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Possumhaw: How to be safe and warm

 

Shannon Bardwell

 

 

"With animals, and in life in general, there are no real guarantees everything will go as planned ... but if you pay attention ... life will be easier, for humans and animals alike."  

 

-- Katy Little, Poppy Creek Farm 

 

 

 

It was a cold evening last week when I headed upstairs. The kittens were bedded and all the outside animals, plants, and structures were adequately heated. That's when I smelled something like wires burning. I called to Sam to come and see what he thought. Sam has a much better "smeller" than I do, which can sometimes be a blessing and sometimes a curse. 

 

"It smells like wires burning," he said. There was a slight look of alarm. We ran through all the possibilities even touching the walls. The smell hovered in the stairway along with the heat. 

 

Minutes earlier I had been in the stairway and smelled nothing. Sam thought the probable suspect was the air freshener I had sprayed near the heater's return vent. Likely the spray had been sucked into the heating system over the emergency coils and was producing a burnt smell throughout the house. 

 

While I turned in for the evening Sam said he'd stay up awhile to see if the smell subsided and maybe catch a little more basketball. I settled in with a good book but caught myself thinking of escape routes -- something I had never considered.  

 

From upstairs there's only one way out -- down the stairs. Then there's the windows. The back of the house drops off down to the lake, about the equivalent of three stories. I determined if I could get to the opposite bedroom I'd go out the front window and slide off the roof there. At least I could hang on to the satellite dishes. It was the first time any of this had occurred to me. We should have checked the smoke detectors; what about the kittens shut in the bathroom/kitten bedroom downstairs.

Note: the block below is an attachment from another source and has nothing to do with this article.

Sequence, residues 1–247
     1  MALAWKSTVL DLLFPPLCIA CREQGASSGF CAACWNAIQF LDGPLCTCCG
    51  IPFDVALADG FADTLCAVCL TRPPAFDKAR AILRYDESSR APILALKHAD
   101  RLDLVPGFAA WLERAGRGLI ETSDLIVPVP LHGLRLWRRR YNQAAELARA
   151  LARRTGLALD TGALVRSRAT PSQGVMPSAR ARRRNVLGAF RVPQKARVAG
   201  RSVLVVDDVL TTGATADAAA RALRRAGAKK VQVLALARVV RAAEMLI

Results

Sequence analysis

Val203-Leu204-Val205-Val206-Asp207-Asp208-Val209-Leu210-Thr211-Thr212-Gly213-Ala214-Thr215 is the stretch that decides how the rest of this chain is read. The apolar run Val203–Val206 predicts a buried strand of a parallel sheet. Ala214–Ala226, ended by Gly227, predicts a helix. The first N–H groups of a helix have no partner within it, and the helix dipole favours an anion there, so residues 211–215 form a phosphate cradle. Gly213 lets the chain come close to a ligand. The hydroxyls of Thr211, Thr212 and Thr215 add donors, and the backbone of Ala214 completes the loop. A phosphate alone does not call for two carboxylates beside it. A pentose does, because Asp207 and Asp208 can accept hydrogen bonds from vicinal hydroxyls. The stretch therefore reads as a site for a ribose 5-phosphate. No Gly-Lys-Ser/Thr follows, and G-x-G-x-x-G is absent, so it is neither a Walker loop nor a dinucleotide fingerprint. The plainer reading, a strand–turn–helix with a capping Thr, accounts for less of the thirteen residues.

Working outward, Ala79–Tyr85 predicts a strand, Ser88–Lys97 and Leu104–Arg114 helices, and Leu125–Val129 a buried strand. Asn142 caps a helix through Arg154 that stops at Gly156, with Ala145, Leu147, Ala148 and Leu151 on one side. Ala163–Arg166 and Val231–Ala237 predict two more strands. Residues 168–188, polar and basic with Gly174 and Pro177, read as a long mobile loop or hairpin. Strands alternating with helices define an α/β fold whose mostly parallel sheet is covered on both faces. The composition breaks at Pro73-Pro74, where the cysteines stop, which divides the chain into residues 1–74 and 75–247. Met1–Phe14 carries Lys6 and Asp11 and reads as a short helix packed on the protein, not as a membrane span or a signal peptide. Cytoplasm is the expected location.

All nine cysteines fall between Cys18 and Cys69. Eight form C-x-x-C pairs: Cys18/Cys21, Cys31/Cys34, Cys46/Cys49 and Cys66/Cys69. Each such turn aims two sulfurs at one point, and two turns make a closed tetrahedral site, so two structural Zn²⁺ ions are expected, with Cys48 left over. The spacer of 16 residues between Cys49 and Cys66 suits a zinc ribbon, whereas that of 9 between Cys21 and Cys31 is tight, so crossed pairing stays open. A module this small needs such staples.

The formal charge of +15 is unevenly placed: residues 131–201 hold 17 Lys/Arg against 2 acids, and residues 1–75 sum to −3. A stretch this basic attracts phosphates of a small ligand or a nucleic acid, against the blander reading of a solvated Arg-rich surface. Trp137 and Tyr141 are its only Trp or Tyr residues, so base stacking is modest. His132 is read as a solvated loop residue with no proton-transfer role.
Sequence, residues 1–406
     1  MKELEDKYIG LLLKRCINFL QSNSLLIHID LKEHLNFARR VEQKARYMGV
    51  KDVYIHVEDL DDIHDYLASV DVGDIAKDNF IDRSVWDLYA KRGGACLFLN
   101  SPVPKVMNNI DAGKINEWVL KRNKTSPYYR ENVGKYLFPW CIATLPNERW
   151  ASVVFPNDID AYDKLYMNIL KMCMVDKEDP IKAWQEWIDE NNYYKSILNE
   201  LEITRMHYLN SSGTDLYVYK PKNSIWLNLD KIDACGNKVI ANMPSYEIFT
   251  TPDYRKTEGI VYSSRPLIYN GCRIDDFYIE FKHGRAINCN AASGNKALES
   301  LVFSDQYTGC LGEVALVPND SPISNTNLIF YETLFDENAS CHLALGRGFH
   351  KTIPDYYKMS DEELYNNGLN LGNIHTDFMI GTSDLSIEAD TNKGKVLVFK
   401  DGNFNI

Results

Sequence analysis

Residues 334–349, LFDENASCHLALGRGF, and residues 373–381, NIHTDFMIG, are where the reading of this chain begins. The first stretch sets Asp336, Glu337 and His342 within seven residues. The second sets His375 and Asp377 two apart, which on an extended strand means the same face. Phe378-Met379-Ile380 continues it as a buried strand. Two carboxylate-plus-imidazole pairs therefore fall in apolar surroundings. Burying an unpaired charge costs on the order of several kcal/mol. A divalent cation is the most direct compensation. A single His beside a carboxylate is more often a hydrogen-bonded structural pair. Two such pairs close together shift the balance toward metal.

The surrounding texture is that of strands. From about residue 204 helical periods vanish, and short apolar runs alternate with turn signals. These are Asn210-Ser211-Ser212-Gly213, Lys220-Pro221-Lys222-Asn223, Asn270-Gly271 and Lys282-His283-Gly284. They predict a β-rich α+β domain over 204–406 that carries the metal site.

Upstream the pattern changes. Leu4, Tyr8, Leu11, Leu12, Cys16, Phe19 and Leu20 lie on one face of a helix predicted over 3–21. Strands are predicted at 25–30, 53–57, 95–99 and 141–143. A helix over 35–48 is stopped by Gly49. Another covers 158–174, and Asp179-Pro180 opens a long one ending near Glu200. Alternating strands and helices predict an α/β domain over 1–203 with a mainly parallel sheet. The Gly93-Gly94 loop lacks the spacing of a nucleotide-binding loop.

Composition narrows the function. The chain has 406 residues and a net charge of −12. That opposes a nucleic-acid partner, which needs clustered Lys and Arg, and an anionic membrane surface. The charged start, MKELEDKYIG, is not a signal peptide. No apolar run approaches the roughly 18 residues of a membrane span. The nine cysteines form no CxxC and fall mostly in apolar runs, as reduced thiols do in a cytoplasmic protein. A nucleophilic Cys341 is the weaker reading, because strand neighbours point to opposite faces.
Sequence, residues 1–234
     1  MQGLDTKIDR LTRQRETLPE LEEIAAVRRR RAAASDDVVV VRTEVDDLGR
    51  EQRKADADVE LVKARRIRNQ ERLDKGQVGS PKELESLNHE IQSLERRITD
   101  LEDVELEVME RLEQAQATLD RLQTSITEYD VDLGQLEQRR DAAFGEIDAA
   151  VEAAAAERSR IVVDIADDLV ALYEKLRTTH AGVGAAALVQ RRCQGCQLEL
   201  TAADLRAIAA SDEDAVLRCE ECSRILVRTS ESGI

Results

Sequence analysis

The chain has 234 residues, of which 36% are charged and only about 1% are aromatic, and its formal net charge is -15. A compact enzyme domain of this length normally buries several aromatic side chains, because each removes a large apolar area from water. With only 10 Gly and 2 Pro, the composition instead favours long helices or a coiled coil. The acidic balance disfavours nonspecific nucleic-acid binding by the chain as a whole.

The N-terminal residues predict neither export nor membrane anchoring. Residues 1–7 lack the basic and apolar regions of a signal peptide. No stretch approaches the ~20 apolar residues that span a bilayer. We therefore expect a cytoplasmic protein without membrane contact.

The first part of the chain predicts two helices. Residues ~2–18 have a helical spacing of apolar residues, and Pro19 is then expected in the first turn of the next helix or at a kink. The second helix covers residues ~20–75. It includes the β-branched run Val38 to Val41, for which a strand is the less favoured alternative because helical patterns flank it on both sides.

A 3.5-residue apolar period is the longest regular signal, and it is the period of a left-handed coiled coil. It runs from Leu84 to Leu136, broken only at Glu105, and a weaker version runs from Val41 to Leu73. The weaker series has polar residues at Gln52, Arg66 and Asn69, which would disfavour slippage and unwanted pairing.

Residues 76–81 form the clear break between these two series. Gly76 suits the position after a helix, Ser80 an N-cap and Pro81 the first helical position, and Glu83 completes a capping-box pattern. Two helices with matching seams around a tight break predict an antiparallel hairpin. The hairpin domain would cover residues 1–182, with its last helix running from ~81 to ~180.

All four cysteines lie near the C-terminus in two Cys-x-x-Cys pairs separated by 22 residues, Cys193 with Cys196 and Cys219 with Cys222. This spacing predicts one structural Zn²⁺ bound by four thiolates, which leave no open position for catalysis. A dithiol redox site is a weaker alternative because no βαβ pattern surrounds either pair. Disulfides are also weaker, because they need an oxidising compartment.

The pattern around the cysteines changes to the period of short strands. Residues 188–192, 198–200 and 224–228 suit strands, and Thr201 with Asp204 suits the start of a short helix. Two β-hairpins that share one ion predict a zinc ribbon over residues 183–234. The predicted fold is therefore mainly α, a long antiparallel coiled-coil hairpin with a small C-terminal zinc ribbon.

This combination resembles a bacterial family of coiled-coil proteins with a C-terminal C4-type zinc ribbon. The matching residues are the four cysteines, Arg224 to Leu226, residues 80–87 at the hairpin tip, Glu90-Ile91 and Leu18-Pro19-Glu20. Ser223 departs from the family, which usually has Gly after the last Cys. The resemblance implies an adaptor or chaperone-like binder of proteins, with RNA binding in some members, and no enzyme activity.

Two mornings later I received a text to pray for a friend of a friend. That night their barn and home had burned down. The family was safe, the horses released, but the barn animals had perished. One newborn piglet did survive, there were no details. A few days before I had seen a picture of the sow with her piglets; they were no bigger than your hand.  

 

Later I learned the fire was caused by a heat lamp intended to keep the animals warm. The lamp had exploded, catching the contents of the barn on fire. Like the burn smell in the stairway, I started thinking about heat lamps. Several were in our out-buildings and one over the bunny hutch. 

 

I learned there are five types of light bulbs -- incandescent, LED, CFL (compact florescent), halogen and infrared. Incandescent, halogen and infrared produce heat. Where you have heat you have the possibility of fire. Infrared particularly has intense heat and can easily shatter. 

 

Safety measures for heat lamps include making sure the lamp is securely fastened and can't be inadvertently knocked or blown over. Katy Light, a homesteader in north Georgia, has a number of suggestions at homesteading.com, including double securing the heat lamp, protecting the lamp's reflector, removing flammable material and the old proverb, "Better to be safe than sorry."

 

Shannon Rule Bardwell is a Southern writer living quietly in the Prairie.

 

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